Additional threats came from aquatic life lurking in the water. Serious swimmers followed the Channel Swimming Association rules (see part 2), leaving them vulnerable to repeated (sometimes disfiguring) jellyfish stings. Until the mid 1920s, most athletes swam without goggles; the constant exposure to salt water temporarily blinded many, like Peter McNally of Boston who attempted the swim in 1897. Not only did he endure saltwater blindness, his nasal passages swelled shut; unable to breathe he was hauled from the water. Prolonged immersion in salt water chafed the skin of many swimmers or caused them to bloat. Swimmers also risked hypothermia and delirium induced by physical and mental exhaustion. The media carefully reported (in surprising detail) on all of these challenges.

To Americans in the 1920s, the Channel swim became more than a marathon: it represented an almost impossible challenge, a new frontier to confront and conquer. The swim provided an opportunity to use scientific methods and theories to subdue nature. Coaches like Englishman “Bill” [Thomas William] Burgess—the second man to swim the Channel—charted the tides, carefully timing the swimmer’s start. Newspaper reporters fueled a cultural obsession with records, marathons, and the measurement of efficiency.

Most importantly, following WWI the swim became a place to wage ideological wars. As an international competition, it provided a virtual battlefield on which nations could wage athletic wars to demonstrate national superiority. In May 1923, the London Daily Sketch offered a £1000 (then roughly $5000) prize to the first person to swim across the strait (to date, only Englishmen had succeeded). The Sketch contest enticed many aspiring athletes from various nations including two swimmers from Massachusetts, Henry Sullivan and Charles Toth. Both working-class men (a shoemaker and waiter) succeeded under dramatic conditions.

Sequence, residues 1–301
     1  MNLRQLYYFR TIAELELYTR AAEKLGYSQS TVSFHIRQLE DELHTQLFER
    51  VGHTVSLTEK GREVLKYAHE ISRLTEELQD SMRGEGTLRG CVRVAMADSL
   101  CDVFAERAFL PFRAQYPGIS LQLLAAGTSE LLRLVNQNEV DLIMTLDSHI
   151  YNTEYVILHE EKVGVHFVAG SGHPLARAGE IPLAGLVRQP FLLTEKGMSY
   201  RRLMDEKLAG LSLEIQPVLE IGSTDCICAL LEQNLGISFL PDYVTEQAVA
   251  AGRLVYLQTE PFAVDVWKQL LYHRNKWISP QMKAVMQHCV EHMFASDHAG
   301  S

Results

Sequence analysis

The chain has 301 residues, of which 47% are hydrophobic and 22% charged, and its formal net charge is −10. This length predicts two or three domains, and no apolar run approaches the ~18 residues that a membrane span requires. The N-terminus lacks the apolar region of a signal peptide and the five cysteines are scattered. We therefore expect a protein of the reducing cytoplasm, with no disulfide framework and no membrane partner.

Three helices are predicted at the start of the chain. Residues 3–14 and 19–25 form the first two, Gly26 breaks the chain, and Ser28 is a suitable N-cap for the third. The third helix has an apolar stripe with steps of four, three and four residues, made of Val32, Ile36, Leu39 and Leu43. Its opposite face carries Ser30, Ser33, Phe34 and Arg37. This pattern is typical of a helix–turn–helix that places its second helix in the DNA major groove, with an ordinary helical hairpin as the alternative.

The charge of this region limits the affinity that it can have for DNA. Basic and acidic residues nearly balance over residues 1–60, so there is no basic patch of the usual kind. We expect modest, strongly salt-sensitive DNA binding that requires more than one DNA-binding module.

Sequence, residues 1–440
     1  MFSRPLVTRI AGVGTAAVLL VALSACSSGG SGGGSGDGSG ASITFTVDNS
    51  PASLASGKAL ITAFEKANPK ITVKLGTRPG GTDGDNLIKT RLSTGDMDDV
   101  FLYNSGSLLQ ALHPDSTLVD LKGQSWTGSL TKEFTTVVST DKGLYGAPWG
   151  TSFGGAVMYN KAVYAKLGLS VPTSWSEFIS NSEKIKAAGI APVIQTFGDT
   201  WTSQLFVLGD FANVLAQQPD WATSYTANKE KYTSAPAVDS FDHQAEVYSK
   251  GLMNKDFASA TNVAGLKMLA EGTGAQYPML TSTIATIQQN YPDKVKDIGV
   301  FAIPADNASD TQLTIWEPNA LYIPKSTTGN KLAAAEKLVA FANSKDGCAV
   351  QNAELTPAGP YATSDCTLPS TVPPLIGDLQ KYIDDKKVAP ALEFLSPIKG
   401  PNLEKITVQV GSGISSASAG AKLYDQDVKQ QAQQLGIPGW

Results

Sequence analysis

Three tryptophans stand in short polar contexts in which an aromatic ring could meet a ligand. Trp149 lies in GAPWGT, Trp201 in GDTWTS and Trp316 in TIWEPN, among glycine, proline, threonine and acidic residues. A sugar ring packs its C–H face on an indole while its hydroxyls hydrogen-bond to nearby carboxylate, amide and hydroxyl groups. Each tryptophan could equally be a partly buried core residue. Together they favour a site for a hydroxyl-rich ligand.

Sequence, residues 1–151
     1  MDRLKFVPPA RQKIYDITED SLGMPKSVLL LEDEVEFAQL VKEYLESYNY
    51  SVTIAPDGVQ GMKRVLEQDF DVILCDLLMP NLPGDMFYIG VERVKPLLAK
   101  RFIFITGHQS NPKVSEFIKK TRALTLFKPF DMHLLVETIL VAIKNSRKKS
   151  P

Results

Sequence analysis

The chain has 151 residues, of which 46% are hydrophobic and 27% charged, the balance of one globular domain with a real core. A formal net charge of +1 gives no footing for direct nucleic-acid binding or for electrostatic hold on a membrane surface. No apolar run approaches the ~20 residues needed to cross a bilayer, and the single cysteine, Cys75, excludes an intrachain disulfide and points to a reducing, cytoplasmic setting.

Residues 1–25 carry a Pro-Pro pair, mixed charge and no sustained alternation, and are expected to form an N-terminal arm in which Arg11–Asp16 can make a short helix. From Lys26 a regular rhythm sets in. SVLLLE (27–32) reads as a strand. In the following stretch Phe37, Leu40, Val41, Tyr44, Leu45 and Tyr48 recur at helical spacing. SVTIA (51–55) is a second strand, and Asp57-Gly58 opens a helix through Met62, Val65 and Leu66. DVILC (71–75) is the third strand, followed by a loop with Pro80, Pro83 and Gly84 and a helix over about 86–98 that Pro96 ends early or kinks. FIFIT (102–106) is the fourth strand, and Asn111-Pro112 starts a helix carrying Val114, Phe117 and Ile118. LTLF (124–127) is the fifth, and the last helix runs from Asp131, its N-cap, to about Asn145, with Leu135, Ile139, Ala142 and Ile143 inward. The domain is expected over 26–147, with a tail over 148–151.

After a decade of saving and training, Sullivan prevailed on his seventh attempt: 27 hours 25 minutes of continual swimming. His triumph after repeated failure reinforced a traditional American ideology that prized fortitude, determination, and self-reliance. Sullivan’s perseverance earned widespread media attention in America and England and advertisers used him for celebrity endorsements.

Advertisement issued by the National Milk Publicity Council,  The [London] Times, 1923.

Advertisement issued by the National Milk Publicity Council, The [London] Times, 1923.

Decades before the lucrative “Got Milk?” campaign created by the California Milk Processor Board, London’s National Milk Publicity Council, used (then) famous athletes in ads in The [London] Times to promote the near-magical health properties of milk. Sullivan’s ad urged: “Safeguard your health, maintain your strength, increase your stamina by taking plenty of fresh milk.”